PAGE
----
Key moments and tracks from On-U Sound’s premier dub group.
You could spend the rest of the winter researching producer, musician and On-U Sound founder Adrian Sherwood – and you should – and still have a bunch of spring and summertime listening to do. Starting in the late 1970s, the London-born artist was formative in creating the so-called punky reggae vibe that effortlessly married post-punk and reggae to set sketchy punk-club dance floors afire.
A member or affiliate of acts including Tackhead, the New Age Steppers and African Head Charge, in 1982 Sherwood teamed up with the late Roots Radics and Creation Rebel percussionist Style Scott to form Dub Syndicate. They continually released studio albums for the next three decades, until Scott’s death in 2014. Across two dozen studio and collaborative albums, the group featured a rotating band of reggae, dancehall and electronic geniuses including Lee “Scratch” Perry, Capleton, Luciano, Flabba Holt, Bill Laswell, Dean Fraser and Talvin Singh.
From a historical perspective, the spirit of Sherwood’s On-U Sound played a key role in the foundations of the Bristol Sound. There, in a port city three hours west of London, artists including Massive Attack, Portishead, Smith & Mighty, and Tricky found inspiration in Sherwood’s – and many others’ – approach.
Sherwood’s discography has countless entryways. The deepest, most cavernous of them, though, is Dub Syndicate. From their 1982 debut album, The Pounding System (Ambience In Dub), to their final one, Hard Food, in 2015, Sherwood and Style Scott created bone-rumbling dub that sounds deeper with every listen.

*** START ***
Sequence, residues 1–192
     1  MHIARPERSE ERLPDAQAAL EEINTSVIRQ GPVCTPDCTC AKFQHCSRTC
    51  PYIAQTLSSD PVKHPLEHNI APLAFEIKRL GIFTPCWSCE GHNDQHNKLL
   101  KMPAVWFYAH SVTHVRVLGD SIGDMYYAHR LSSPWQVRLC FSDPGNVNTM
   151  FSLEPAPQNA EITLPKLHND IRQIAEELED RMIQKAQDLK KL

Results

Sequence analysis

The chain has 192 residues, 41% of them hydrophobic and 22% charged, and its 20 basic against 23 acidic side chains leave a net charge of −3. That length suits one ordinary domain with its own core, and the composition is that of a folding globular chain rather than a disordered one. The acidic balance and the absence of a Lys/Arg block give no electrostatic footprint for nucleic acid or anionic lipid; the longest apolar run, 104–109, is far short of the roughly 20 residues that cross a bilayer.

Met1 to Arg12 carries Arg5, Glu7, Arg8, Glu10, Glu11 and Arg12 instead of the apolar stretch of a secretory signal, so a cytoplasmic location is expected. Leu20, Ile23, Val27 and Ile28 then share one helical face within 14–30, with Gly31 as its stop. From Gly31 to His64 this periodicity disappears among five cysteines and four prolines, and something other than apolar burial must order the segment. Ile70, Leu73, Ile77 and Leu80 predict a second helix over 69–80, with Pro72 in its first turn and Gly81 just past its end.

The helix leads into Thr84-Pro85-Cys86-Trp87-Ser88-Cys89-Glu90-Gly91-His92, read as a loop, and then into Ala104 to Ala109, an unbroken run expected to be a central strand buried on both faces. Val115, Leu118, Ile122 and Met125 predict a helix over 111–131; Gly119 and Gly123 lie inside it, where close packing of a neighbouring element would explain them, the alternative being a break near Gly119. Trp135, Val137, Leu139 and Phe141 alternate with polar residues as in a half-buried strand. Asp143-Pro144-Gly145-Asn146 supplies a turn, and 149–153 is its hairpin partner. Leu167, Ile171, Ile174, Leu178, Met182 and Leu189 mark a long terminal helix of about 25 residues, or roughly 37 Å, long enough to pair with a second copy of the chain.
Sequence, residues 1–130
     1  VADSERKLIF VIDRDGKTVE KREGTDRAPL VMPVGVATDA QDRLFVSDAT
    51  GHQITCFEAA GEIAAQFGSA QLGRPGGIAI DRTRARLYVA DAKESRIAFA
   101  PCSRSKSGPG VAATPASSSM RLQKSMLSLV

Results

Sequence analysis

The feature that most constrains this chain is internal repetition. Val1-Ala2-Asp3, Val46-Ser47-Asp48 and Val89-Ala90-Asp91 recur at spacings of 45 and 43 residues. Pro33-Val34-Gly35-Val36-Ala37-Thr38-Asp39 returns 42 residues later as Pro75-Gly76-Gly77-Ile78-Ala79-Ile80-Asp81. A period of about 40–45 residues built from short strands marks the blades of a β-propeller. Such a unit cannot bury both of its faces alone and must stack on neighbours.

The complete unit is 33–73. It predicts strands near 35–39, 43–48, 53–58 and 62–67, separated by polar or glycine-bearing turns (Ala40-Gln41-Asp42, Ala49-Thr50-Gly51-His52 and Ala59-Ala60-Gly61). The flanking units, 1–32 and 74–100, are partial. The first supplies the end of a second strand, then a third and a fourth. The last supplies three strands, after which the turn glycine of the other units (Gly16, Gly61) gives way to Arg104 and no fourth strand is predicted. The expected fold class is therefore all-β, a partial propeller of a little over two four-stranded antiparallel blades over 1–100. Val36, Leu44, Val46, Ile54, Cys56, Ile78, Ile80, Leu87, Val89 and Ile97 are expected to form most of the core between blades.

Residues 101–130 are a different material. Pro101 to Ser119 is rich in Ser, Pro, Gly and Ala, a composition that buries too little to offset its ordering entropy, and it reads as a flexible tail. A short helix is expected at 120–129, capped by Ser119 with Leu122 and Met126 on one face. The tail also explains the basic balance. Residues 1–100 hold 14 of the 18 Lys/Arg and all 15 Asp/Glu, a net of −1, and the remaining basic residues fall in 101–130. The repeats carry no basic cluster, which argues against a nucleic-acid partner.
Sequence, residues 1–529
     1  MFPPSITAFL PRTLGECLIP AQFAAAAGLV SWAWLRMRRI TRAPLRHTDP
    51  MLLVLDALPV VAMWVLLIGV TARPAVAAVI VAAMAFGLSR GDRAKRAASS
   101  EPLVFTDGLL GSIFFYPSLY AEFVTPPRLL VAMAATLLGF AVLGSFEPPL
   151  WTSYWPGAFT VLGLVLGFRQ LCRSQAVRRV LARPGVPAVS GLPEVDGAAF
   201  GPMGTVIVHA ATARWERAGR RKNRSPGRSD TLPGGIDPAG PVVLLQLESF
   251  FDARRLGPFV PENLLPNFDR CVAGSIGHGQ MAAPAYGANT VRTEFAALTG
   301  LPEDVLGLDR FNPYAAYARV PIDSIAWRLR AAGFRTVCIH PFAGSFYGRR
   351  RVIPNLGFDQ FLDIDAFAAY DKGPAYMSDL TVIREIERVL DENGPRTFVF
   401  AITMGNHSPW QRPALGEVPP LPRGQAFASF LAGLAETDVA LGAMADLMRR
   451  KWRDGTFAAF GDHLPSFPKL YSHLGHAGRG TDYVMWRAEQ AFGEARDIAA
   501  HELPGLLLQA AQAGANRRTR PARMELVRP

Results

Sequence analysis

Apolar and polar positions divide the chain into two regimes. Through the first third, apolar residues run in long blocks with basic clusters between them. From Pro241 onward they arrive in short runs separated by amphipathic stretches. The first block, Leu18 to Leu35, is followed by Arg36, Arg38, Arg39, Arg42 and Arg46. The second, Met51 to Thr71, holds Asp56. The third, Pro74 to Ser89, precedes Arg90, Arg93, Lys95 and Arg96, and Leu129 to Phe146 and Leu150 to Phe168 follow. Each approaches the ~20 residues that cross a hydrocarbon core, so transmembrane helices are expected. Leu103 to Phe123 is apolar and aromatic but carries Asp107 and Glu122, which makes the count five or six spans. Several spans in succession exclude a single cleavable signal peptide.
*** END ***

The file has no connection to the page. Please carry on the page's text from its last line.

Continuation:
Below, a few highlights.
Ravi Shankar Pt.1 (1984)
Tunes From The Missing Channel is Sherwood at his best taking full control of the studio as an instrument and letting his creativity run wild. This track, in particular, features Sherwood’s signature squelchy filter bass, keyboard sitar from Kishi Yamamoto, and some sort of engine starting sample that Sherwood uses as a rhythmic element.
Stoned Immaculate (1991)
The title track from Stoned Immaculate finds Dub Syndicate sampling a Jim Morrison spoken word piece while laying down an immaculately hazy groove. (Bonus listening: Original Rockers would also use this sample on their chillout classic “Stoned”)
Dubbing Psycho Thriller (1993)
One of the hottest tracks on Dub Syndicate’s aptly titled 1993 album Echomania, “Dubbing Psycho Thriller” features Lee Perry singing lyrics “transmitted from the pleasure zone.” Perry’s presence lifts an already soaring electronic dub track even higher.
At their peak, Dub Syndicate was a regular at British festivals. This clip sees them playing at Carnival ’94 in Brighton’s Stanmer Park, and includes an interview with Style Scott.
Live on French TV (1998)
Sadly, Dub Syndicate didn’t appear on TV too often so there aren’t many clips. This 1998 performance on French TV features Style Scott on drums, bassist Bagga Walker, Alon Adiri on sampler and synths, Earl Fitzsimmons playing keyboards and guitarist Vince Black.
The Precinct of Sound (2002)
This track needs no caption, explanation or explication. Just volume, a good sound system and a room full of bass. We also recommend “Reggae Raga” off this album, which features a raga drone cruising along with a laid back dub groove and tripped-out analog synthesizers.
Taken from their stellar 1991 album Stoned Immaculate, “Wadada” is Dub Syndicate at its most sinister. This clip from 2007 illustrates the players’ sheer skill at developing and exploring a groove.
Synthesized Satie for home listening, the dance floor, and beyond. You’ve heard groundbreaking French composer Erik Satie’s slow, existential sounding pieces in numerous films, shows, animations, and documentaries. […]